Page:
Otherwise, this is usually perceived as being a little lazy, and it is better to organize the review around ideas and individual points.
As a general rule, especially for a longer review, each paragraph should address one point, and present and evaluate all of the available evidence, from all possible differing points of view.
Second are the reviews of those studies that summarize and offer new interpretations built from and often extending beyond the primary studies.
Third, there are the perceptions, conclusions, opinion, and interpretations that are shared informally that become part of the lore of field.
In composing a literature review, it is important to note that it is often this third layer of knowledge that is cited as "true" even though it often has only a loose relationship to the primary studies and secondary literature reviews.
Given this, while literature reviews are designed to provide an overview and synthesis of pertinent sources you have explored, there are a number of approaches you could adopt depending upon the type of analysis underpinning your study.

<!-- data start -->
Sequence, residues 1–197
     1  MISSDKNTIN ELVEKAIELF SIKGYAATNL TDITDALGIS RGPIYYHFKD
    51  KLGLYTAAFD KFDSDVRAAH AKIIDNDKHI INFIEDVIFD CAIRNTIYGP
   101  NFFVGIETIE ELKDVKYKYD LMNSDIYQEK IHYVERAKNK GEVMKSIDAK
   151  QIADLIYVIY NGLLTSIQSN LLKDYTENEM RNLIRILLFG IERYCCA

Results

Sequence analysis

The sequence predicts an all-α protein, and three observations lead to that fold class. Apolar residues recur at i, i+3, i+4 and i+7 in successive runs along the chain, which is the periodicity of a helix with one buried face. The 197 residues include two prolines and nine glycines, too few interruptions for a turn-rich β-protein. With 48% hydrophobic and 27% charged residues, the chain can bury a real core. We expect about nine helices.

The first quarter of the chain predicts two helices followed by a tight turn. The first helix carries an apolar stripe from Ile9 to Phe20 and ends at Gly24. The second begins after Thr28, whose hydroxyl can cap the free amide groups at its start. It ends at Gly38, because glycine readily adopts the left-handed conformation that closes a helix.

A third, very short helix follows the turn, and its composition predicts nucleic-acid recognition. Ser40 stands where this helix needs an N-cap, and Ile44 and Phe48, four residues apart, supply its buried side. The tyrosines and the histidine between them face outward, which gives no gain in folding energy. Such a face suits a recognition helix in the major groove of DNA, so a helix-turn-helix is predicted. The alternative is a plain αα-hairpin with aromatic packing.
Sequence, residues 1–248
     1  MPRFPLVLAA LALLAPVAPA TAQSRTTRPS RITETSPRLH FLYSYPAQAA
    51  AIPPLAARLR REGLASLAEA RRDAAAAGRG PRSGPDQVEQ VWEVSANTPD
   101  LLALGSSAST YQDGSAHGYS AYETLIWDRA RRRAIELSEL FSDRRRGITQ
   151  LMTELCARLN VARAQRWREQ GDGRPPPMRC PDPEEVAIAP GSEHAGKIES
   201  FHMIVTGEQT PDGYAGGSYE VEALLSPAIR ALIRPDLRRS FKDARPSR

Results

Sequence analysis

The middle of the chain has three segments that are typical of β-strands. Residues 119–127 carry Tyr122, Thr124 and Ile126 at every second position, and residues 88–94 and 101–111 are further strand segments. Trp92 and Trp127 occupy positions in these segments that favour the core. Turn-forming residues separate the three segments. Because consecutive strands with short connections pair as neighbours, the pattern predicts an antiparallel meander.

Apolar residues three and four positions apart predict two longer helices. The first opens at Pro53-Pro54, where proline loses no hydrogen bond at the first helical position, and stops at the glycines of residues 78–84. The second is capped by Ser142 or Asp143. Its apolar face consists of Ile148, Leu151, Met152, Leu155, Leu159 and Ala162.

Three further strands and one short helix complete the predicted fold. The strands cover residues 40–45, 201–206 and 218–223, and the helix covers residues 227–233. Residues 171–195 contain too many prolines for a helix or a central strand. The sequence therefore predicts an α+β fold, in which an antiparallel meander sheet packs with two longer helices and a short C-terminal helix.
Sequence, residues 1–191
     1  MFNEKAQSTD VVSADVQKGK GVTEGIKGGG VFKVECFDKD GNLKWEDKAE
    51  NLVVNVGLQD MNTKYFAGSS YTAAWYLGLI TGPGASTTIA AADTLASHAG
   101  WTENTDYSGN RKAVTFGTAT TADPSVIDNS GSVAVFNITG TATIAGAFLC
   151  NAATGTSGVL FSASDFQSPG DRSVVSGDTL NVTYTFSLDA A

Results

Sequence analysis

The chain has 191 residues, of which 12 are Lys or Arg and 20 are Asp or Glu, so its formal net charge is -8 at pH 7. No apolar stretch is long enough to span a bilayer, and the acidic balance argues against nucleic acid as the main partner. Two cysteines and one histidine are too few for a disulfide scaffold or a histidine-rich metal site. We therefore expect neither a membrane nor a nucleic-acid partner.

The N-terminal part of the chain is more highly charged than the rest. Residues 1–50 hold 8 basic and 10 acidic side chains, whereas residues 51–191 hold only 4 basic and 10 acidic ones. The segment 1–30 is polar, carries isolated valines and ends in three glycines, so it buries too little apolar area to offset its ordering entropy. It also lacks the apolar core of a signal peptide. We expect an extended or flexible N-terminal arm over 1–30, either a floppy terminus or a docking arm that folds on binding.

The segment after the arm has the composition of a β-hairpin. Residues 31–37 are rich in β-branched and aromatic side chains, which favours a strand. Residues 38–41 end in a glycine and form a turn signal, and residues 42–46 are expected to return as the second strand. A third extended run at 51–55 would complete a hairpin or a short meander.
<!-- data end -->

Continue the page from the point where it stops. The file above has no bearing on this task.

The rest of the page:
The next stage is to use the internet, and this is where the difficulties begin.
It’s challenging to judge the credibility of an online paper.
Evaluating the credibility of sources is one of the most difficult aspects of a literature review, especially with the ease of finding information on the internet.
The only real way to evaluate is through experience, but there are luckily a few tricks for evaluating information quickly and accurately. Google does not distinguish or judge the quality of results, only how search engine friendly a paper is.